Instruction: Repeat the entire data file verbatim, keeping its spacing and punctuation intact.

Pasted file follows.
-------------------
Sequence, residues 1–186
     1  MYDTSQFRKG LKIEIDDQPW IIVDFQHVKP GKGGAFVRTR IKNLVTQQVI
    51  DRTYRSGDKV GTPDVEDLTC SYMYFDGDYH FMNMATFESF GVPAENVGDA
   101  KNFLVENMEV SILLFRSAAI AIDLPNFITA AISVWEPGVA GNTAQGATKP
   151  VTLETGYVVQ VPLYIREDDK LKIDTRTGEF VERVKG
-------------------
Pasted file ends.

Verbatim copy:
Sequence, residues 1–186
     1  MYDTSQFRKG LKIEIDDQPW IIVDFQHVKP GKGGAFVRTR IKNLVTQQVI
    51  DRTYRSGDKV GTPDVEDLTC SYMYFDGDYH FMNMATFESF GVPAENVGDA
   101  KNFLVENMEV SILLFRSAAI AIDLPNFITA AISVWEPGVA GNTAQGATKP
   151  VTLETGYVVQ VPLYIREDDK LKIDTRTGEF VERVKG